These are closures being directed by the bank that we bailed out – the people making these decisions owe their own jobs to the communities they are now riding roughshod over. This bank belongs to the people and the bank must make the people its priority.

The Westminster government could intervene to stop this on behalf of all us, the shareholders. They must – because it was them who changed the way pensions were paid forcing people to put their pension straight into their bank account and now, because of that, they will be unable to access it.

Rhoda Grant, Highlands and Islands Labour MSP

Proud of youngsters

Sir,

We should be very proud of the young people of Mid Argyll, especially those that worked together to produce and perform the Acting Up’s version of Cinderella.

The audience was entertained during three performances of a cracking show. I still have a sore throat from the laughing, singing and shouting ‘its behind you!’

What is truly impressive is that Acting Up is a club run by the young people themselves with very little adult involvement, showing that they can be responsible, productive and have fun at the same time. Not only did they give us fantastic entertainment, they put in over 100 hours of rehearsal time.

These young people are a credit to our community and should be congratulated on what they have achieved.

I can’t wait for the next show- well done!

Becs Barker, Minard

Scots most taxed

Sir,

Despite the SNP manifesto promise not to increase taxes on basic rate payers, the SNP recently voted against that manifesto in support of higher taxes on ordinary workers.

Three of the four positions in the SNP’s tax paper would hit basic rate payers with higher taxes. Two of these approaches would see tax increase on everyone earning over £24,000 and another on everyone earning over £27,000.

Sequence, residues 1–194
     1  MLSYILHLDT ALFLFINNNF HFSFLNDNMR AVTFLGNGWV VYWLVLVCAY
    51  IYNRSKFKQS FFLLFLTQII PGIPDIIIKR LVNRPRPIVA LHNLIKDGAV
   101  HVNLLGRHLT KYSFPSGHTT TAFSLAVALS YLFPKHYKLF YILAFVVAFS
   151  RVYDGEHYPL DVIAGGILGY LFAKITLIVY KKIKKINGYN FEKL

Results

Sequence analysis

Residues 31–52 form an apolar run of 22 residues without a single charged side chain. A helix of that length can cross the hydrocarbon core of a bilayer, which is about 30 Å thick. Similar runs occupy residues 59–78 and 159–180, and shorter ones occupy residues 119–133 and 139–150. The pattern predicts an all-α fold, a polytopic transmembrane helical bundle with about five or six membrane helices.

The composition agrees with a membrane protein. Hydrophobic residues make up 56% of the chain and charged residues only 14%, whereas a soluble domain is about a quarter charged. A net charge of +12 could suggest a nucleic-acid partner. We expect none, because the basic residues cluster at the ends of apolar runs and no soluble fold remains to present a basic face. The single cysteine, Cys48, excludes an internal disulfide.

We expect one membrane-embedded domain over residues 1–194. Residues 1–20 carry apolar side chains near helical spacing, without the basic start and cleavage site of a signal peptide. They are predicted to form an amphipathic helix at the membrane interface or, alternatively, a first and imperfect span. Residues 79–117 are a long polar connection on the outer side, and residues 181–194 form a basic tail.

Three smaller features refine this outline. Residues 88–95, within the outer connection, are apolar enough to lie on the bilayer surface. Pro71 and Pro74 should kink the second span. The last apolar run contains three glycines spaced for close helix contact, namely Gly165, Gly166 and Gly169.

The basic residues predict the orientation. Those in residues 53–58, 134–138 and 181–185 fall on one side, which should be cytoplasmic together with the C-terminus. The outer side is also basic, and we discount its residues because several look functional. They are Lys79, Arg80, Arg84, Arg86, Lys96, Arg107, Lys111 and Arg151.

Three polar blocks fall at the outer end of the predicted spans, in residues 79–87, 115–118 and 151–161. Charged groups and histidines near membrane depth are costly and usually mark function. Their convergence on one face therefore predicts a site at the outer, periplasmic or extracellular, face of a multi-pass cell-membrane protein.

It’s clear that business and the public do not support higher taxes that would damage our economy. A Federation of Small Business survey found that 79 per cent of business owners do not want higher income tax in Scotland and a Survation poll found that only 22 per cent of respondents would support higher taxes.

In contrast, since 2010 Conservative-led governments have cut income tax by £1,005 for basic rate payers in Scotland. Since 2010/11 the personal allowance has increased from £6,475 to £11,500 in 2017/18.

The SNP government’s own analysis found that increasing the additional rate of tax could result in lower revenues. The paper suggested that a 5p rise would lose £24 million under a high behavioural response model.

The SNP government’s block grant will be protected in real terms next year – so any cuts they make are out of choice rather than necessity. The Scottish Government’s budget will increase by £479 million in 2018/19 – a 0.1 per cent increase in real terms.

Even the most radical of the SNP’s tax policies would only increase income tax revenue by two per cent. Approach three would raise taxes on half of all taxpayers but raise only £255 million in additional public spending. The Scottish Government’s draft budget 2017/18 projected income tax receipts of £12.3 billion in 2018/19.

Now only the Scottish Conservatives are on the side of the majority of the Scottish people. The SNP has no democratic mandate to impose austere tax rises on low and middle earners in Scotland.

The SNP seems shockingly keen to make Scotland the most taxed part of the UK. Is this what the SNP mean when they say that they are stronger for Scotland?

Councillor Alastair Redman, Islay